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Hard to believe that little bit would make a difference but the proof is in the pudding right? Here are my thoughts... A wider gap will produce a larger spark (reason for splitfire plug design) with more spark there is better combustion of the gas, which throws the piston harder(more bang for your buck literally) the engine runs smoother. So your now emitting cleaner emissions, which is monitored by the computer. On the other hand less spark makes dirtier emissions, your computer reads this in the 02 sensors and starts to make adjustments trying to fix this issue which in a lot of cases makes things worse not better.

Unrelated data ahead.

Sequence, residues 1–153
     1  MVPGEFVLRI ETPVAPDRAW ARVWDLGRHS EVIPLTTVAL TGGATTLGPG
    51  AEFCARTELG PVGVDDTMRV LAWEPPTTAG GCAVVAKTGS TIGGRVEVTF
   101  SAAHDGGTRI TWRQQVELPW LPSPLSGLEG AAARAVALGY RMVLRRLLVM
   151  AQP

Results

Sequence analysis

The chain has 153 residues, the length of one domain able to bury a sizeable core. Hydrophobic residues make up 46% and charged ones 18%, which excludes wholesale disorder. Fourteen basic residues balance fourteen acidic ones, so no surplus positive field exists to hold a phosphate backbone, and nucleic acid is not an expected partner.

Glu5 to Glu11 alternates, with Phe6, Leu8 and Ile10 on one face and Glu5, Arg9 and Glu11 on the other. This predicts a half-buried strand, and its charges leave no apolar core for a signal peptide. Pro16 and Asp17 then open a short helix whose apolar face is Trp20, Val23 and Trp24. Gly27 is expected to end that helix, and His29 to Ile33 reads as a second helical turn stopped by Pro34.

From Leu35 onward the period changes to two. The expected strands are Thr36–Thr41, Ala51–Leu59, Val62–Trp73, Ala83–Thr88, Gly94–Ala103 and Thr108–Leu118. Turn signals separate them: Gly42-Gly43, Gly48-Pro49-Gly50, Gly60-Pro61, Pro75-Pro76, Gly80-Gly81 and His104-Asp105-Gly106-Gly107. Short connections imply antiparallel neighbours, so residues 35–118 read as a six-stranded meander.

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Your manual reset of the ECM is the reason your mileage went back up IMHO, not the change to the spark plug gaps.
 

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I know this is an old post, but the gap is 1.1 mm or 0.044". It is not 0.40 - 0.44 mm. If you gapped them to 0.44 mm it would be <0.020" and it would definitely run horribly.
 

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Yep, I'm sure he meant 0.044 inches, but nice catch.
Resetting the ECU made the difference, IMO.

But, whatever worked for him.
Happy Solar Eclipse,
Buffalo4
PS: At least he didn't install Bosch Spark Plugs and claim they made the difference. :eek:
 

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Ok. I tried this a month ago (.045 gap) on my 2011 CRV with 110K miles. Here are my thoughts so far: